It is difficult to look at likely success rates when the indications for surgery are quite varied. This is something that the surgeon will discuss with the patient prior to surgery. It is important to remember that with cancer or trauma there is often little choice to having surgery but in degenerative disease surgery is always a treatment option. The patient must weigh up the risks and benefits of surgery and decide if they want to have the surgery.
My patients spend 2-5 days in hospital. They are mobilized in a lumbar brace (which is basically a support for the lower back and is worn like a girdle) every time they are out of bed for a total of three months. The back is quite sore for 1-2 weeks after surgery but this improves. At discharge all my patients do is walk. They do not bend, lift, twist or sit for prolonged periods of time. Bending and lifting are particularly bad as they can lead to screw breakage and failure of fusion. Physical therapy is not started for 12 weeks after surgery although in hospital the therapist will teach you how to get out of bed and do your daily activities. Patients return for a follow-up appointment two weeks after surgery to ensure good wound healing. It important to look after the wound. Typically I advise my patients not to rub any creams on the incision and to keep it dry. Bathing is to be avoided, as is swimming but showering is OK. It is important that the wound is allowed to heal. Any signs of redness, discharge, swelling, etc. etc. needs to be reviewed by a doctor. Follow-up with the office is usually arranged for six weeks after surgery. Repeat x-rays of the spine are done at six weeks, three months, six months, one year and two years after surgery. Typical x-rays showing realignment of the spine are shown below six.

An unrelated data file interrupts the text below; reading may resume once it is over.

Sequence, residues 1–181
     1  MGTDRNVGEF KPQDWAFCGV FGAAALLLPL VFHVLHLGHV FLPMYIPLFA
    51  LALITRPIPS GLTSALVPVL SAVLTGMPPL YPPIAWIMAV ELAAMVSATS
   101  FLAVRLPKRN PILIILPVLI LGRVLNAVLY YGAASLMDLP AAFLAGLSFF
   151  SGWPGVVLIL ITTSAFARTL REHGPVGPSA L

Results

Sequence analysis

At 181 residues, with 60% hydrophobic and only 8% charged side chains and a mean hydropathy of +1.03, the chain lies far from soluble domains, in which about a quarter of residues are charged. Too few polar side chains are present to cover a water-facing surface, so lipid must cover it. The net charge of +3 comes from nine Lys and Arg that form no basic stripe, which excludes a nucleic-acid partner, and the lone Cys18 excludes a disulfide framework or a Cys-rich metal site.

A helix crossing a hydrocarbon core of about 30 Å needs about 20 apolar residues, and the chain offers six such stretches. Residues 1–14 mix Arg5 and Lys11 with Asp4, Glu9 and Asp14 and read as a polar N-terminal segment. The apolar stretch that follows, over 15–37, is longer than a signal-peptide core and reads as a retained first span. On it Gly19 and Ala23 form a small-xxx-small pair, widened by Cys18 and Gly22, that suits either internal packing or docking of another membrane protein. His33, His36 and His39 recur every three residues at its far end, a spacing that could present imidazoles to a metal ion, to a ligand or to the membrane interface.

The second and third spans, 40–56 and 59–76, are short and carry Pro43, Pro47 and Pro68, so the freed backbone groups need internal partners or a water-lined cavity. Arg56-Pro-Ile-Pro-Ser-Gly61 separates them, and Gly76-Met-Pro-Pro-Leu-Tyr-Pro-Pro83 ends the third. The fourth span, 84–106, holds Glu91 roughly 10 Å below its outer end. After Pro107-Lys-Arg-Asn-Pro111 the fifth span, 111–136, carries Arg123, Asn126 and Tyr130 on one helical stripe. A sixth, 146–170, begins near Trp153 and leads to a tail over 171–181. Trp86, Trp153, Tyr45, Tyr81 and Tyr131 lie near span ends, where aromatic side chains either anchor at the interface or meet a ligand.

As stated in the introduction to this section, it is important not to smoke or take NSAIDs for three months after surgery as bone healing is occurring. Good back care is the rule for life after this surgery as, and this must be stressed, the back has not been returned to normal after a fusion.
A lumbar fusion is not a small operation. Just as in lumbar discectomy there are non-operative options that include any or all of the following and these should be aggressively pursued to try and expedite improvement in symptoms:
Conservative therapy comprises
- Analgesia with NSAIDs (e.g. Mobic, Voltaren or Celebrex)
- Analgesia with other medications such as Tramadol
- Avoidance of bending/lifting/twisting/sitting for prolonged periods
- Hydrotherapy (particularly if back pain is a problem)
- Perineural and intrafacet steroid and local anesthetic injections
- Possibly acupuncture
- Weight loss
- Bracing (controversial)
Fusing two bones puts stress on adjacent levels and this can accelerate wear and tear at these levels. This is important as patients can develop symptoms months or years later, which may require further surgery. Redo surgery can be a very arduous in this scenario.